Florence’s unparalleled charm is impossible to resist. A Renaissance wonderland decked out in russet-coloured roofs, eye-watering frescos and narrow cobbled streets, it hums with vibrant, contemporary style in a way that defies its more than 500 years of glory. This is a truly walkable city, small enough to let you get your bearings quickly, yet still just wonderfully chaotic enough to lose yourself within it. What shall you visit for a trip to Florence? Snuggled among the verdant Tuscan hills, the best weekend trip to Florence delivers gastronomically, artistically and, after a sneaky jaunt out into the countryside, scenically.
Although often heaving with tourists, a trip to Florence is inexorably magical, always beautiful and always surprising. And even if you are looking for non-touristy things to do in Florence, it is one of the best cities to replenish every aspect of your soul. Here are non traditional ways to discover Florence.
1-Have different intake to Italian food
Florence’s iconic monuments are, thankfully, mostly within walking distance of each other. This means that you’ll spend at least one afternoon zipping from one historic point to the next. In between marvelling at the ancient beauty, you’ll need to refuel. Start at Da Simone – La butticche del Lampredotto. As one of the oldest street food spots in the city, it is well known among locals and visitors alike for serving good value, utterly delicious Florentine specialities. An absolute must-try is the eponymous lampredotto consisting of a tomato-braised cow’s stomach served on crunchy bread.
It is a belief widely held by Florentines that their city was the birthplace of gelato. Whatever the weather, a soft scoop of creamy ice cream is the perfect way to punctuate an afternoon of strolling and there’s no better place than the aptly named Perchè No (translating to “Why Not”, aka the only acceptable response to an offer of gelato!). Although founded in 1939, this historic gelateria doesn’t just keep up with the trends, it sets them. The first ice cream spot to pioneer the semifreddo technique, which incorporates whipped egg-white to produce gelato served at higher temperatures, they were were among the first places to serve non-traditional flavours, such as curry, Sacher torte and honey sesame.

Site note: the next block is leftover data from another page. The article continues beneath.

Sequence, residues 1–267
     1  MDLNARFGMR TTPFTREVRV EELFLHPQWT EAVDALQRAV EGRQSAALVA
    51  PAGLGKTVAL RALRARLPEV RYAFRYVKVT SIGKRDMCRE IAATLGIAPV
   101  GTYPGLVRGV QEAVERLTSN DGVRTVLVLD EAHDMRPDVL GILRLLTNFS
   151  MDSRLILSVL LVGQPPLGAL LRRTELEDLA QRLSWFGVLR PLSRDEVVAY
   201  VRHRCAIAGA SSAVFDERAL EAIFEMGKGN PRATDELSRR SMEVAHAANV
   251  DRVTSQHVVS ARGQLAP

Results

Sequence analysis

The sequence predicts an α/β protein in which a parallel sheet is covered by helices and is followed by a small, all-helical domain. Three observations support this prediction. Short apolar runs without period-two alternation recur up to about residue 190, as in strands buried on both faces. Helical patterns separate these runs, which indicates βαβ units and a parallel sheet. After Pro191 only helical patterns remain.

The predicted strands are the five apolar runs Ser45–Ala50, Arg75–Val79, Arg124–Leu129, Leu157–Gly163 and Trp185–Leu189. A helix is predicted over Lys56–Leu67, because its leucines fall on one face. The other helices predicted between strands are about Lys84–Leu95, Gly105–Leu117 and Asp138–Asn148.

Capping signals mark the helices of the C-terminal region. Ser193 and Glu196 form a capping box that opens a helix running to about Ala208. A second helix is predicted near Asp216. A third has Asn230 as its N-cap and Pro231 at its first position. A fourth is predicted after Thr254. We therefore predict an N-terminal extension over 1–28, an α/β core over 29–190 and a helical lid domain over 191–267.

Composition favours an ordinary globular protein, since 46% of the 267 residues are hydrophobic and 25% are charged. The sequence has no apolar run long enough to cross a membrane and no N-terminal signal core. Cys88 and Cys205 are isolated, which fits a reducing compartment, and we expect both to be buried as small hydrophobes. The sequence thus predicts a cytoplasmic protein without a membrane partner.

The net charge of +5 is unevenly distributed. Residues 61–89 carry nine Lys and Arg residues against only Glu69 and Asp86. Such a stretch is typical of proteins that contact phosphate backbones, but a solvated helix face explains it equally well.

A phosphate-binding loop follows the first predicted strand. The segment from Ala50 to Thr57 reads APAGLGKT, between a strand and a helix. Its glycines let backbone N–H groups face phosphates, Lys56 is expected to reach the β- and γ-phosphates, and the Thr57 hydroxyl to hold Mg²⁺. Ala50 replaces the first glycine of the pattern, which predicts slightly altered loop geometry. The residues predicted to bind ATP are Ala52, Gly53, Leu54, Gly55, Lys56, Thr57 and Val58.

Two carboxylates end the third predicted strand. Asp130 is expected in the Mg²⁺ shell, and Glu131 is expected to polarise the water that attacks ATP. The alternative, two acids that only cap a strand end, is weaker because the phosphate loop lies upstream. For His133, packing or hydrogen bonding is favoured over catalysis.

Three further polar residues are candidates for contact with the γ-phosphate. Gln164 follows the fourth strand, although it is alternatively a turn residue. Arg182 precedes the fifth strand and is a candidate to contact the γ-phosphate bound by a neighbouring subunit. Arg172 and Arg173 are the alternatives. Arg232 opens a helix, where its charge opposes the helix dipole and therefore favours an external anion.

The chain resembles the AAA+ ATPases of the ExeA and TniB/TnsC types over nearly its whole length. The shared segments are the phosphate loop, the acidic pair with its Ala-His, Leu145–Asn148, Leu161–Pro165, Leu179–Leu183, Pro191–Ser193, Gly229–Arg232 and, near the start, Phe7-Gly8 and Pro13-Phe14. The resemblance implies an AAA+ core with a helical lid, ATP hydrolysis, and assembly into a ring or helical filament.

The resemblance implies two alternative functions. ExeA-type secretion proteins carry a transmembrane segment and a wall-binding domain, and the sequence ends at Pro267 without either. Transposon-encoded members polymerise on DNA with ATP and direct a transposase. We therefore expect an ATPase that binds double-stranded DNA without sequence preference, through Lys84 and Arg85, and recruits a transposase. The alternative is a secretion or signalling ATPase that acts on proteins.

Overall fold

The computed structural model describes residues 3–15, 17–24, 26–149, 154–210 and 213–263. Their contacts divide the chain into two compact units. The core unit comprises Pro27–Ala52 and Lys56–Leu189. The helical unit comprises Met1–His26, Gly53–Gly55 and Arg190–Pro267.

2-Take a boat tour on the Arno river
For a unique perspective of Florence, eschew the long corridors of the museums and the bustling squares for a leisurely drift along the Arno on a traditional wooden boat. These tours last just under an hour and stop alongside many historical monuments, where an enthralling guide will give you a brief overview before you meander on. For a truly special experience, book a sunset tour that offers an aperitivo of drinks and snacks to keep you sustained as you float along.
3-Discover the best restaurants and trattorias
Although street food has its merits, you simply can’t leave Florence without indulging in a proper feast. Wander down to Sant’Ambrogio, where you’ll find Trattoria Cibrèo, the younger, more raucous sister of fine dining establishment Cibrèo next door. Here, the speciality is rustic Tuscan soup – from velvety porcini mushroom to bright yellow pepper – and meat dishes. Try the minestrone followed by a stuffed chicken neck and a generous helping of the legendary flourless chocolate cake. They don’t accept reservations so turn up sharp and expect your meal to come accompanied by some authentic Florentine charm.
Another night, try something a little more refined at ZEB Gastronomia. Run by a mother and son, this restaurant serves contemporary twists on classic Tuscan food. The menu is handwritten by Alberto (the son) every morning on a chalk blackboard and comprises simple ingredients prepared with the utmost care. Sample pear and ricotta ravioli and herb-crusted pork loin in the cosy but bright space, where a long curved table wraps around the open kitchen.
If you’re craving some fresh air and wide open spaces, head out to the lush Tuscan hills and the neighbouring region of Chianti. This is where some of the best wines in the country are produced and a trip to the area wouldn’t be complete without a vineyard visit. An unmissable spot is the Castello Nippozzano, a 1,000 year old castle owned by Florentine nobility and surrounded by 600 hectares of vines, where one of the oldest vintages dates to 1864.
In fact, you can follow the Strada del Vino, dell’Olio e dei Sapori di Chianti Classico, a road that leads from Florence to Siena, via some olive groves, vineyards and other flavours of the region. Visit the picturesque town of Greve, dominated by a beautiful central square where weekly organic and local markets are held. Spend an idyllic afternoon at Azienda Olearia del Chianti, an olive oil mill that produces a surprising selection of oils and olive-based products. You can wander the sun-dappled groves before sampling a variety of local produce, from truffles to melt-in-the-mouth cured meats.
It’s no secret that Florence is one of Italy’s greatest cities. From historic artworks to a culinary scene spanning centuries, there’s no end to the magical experiences just waiting to be had in this Tuscan gem.
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